indigenous graduate research projects
Each Year Ocean Revolution supports graduate and undergraduate student tuition and research in marine biology and coastal management at Eduardo Mondlane University in Mozambique and University of Sonora in Mexico. Last year Alima Taju and Damboia Cossa received their MScs from UEM in Maputo, Mozambique. She now works for one of the world's most innovative and sustainable finfish aquaculture companies, AquaPemba in Pemba, Mozambique. She is not studying production or feed ratios but how the operation impacts Pemba Bay and how to make the open water pens act in a positive way for ocean ecology.
supporting traditional knowledge
Ocean Revolution works with Indigenous Communities to support projects, provide funding skills, facilitate knowledge-transfer, and create international networks capable of influencing local, regional and global action; bringing recognition to these communities, helping to assuring justice, and providing a framework for responsible economic development.
A major Leatherback nesting area was recently discovered in Armila, Panama, home of Guna Indians who have been protecting these leatherbacks for hundreds of years. The communities of Armila and Yandup (a significant Hawksbill nesting area), over 9 hours apart by boat, have struggled to spread prohibitions on the possession of turtle to all of Panama. They are demanding a return to their traditional turtle protections to rebuild populations decimated by years of outsider’s demands for turtle products for medicinal and consumptive purposes. In 2010 the Guna, supported by Ocean Revolution declared their territory a protected area and held the first Panama Sea Turtle Festival. Now Morrison Mast and Amanda Gibson have embarked on a much richer relationship with the Guna. You can follow their work on their BLOG
This film was made by Romelia and Eunice Barnett. Led by the Comcáac Environmental Monitoring team, young members of the Comcáac tribe in Sonora Mexico have begun a project of monitoring and restoring the mangroves which are the nursery for their traditional fisheries. They collect "orphan seedling" (ones that have become displaced and dislocated by human impact, storms, and other natural events. They raise them to a survivable size in discarded plastic bottles and then plant them in areas that have been damaged by human and natural causes. This not only restores the "nursery" area. Mangroves are a major "carbon sink" for excess C02 generated by the burning of fossil fuels.
Ocean Revolution Moçambique recently received a grant from The Ambassadors Fund for Cultural Projects in Maputo Mozambique.
The Department of State established the AFCP in order to show a different American face to the world – one that is non-commercial, non-political, and non-military – through the preservation of cultural heritage.
The US Embassy Maputo applied for this competitive fund in partnership with Ocean Revolution and Bitonga Divers, and received $63,724 for Training in the Documentation of Underwater Sites of Significance Regarding the Slave Trade from Eastern Africa. This represents the first time in approximately five years that Mozambique has received AFCP support from the Department of State’s Bureau of Educational and Cultural Affairs.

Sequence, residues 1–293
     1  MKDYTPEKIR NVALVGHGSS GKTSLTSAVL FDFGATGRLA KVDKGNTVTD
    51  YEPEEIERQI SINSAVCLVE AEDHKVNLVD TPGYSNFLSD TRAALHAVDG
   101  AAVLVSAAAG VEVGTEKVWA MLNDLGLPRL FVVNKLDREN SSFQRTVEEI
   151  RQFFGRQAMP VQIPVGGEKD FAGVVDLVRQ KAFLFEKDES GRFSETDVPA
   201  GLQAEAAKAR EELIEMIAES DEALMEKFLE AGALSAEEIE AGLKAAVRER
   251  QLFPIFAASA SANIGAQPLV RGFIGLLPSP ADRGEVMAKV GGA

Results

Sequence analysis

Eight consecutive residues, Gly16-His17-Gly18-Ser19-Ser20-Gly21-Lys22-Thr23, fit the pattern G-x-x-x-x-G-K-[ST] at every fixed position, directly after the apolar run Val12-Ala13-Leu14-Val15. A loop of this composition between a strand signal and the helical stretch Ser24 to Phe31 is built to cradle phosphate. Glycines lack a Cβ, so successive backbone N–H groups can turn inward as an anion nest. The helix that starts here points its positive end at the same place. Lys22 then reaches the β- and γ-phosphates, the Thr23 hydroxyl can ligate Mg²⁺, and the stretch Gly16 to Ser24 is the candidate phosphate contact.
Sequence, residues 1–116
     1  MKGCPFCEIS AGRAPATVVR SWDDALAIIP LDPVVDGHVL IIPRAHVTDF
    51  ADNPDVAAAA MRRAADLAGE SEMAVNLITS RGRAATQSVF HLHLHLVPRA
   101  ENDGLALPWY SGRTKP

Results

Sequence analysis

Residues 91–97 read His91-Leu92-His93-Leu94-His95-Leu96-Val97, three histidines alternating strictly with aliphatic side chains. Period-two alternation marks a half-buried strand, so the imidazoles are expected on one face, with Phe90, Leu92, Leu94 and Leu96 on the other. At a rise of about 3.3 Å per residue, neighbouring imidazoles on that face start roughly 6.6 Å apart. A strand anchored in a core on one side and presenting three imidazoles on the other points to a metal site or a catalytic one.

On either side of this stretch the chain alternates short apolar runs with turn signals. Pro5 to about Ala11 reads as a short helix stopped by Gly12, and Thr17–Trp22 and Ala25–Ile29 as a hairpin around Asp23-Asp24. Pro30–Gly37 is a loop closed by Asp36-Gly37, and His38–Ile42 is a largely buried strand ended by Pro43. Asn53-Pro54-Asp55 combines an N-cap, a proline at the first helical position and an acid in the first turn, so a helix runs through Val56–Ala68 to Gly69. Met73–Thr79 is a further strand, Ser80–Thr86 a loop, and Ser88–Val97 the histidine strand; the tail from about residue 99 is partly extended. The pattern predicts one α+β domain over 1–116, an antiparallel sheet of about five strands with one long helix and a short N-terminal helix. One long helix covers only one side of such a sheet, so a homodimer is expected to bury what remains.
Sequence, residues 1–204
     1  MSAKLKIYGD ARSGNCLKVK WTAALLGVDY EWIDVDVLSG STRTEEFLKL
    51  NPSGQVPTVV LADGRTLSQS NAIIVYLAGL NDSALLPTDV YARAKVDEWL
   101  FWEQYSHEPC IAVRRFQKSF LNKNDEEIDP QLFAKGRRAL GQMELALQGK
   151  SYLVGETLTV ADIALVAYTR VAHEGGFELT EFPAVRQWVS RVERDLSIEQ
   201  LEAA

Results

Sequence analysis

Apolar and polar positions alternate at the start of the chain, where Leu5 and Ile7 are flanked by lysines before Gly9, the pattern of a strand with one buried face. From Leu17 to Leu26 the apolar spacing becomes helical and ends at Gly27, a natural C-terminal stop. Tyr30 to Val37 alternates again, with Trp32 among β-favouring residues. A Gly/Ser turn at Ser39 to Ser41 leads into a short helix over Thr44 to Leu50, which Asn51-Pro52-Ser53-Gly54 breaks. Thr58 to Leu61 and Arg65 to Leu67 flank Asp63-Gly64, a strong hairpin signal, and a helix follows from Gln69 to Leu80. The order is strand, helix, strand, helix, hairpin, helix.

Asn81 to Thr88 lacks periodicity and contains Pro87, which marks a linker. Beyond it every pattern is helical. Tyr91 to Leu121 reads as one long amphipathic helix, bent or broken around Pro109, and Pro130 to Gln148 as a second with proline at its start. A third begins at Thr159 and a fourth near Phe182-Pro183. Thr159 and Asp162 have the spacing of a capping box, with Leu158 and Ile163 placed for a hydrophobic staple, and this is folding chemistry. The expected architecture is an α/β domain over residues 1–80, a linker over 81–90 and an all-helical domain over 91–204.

“Ocean Revolution is an international movement of extraordinary people working on ocean projects and fighting for biocultural diversity but we are considerably more complex. It’s the “considerably more” this Ambassadors Fund Cultural Project is about.
Our planet, a tiny speck in the Universe, represents the entire web of belief and ritual, the songs, stories, paintings and poems, the love between parents and hopeful children, the secrets of couples in love, of hunters, explorers and inventors, and everything done or thought by every human being that we have ever known, ever heard of or that has ever lived.
It also holds in evidence the endless sea of blood and cruelties inflicted by some members of the human species on other members in pursuit of momentary possession of small corners of our planet.
This project and Ocean Revolution are bent on uncovering things hidden in the sea, on keeping them alive until we can understand something about them, whether it’s scientific discovery or secrets of our human nature.
The AFCP project is related to a larger project entitled, “The African Slave Wrecks Project,” which is an international collaboration involving several high-level partners.
“The partners of the African Slaves Wrecks Project, including the Smithsonian, SAHRA, IZIKO and the US Park Service are pleased to be able to support our partner DWP (Diving With A Purpose) and Ocean Revolution in this effort to identify and protect important cultural heritage that brings the African diaspora together. The first step in such a process is to raise awareness about the importance of such heritage and of protecting it. ASWP will work with Ocean Revolution and the Mozambican academic community to leverage this effort into a longer-term collaboration that investigates and protects the cultural heritage of the global slave trade”
On September 30, 2013, at 11:00 am, a private grant signing ceremony took place with the award recipient and various members of the project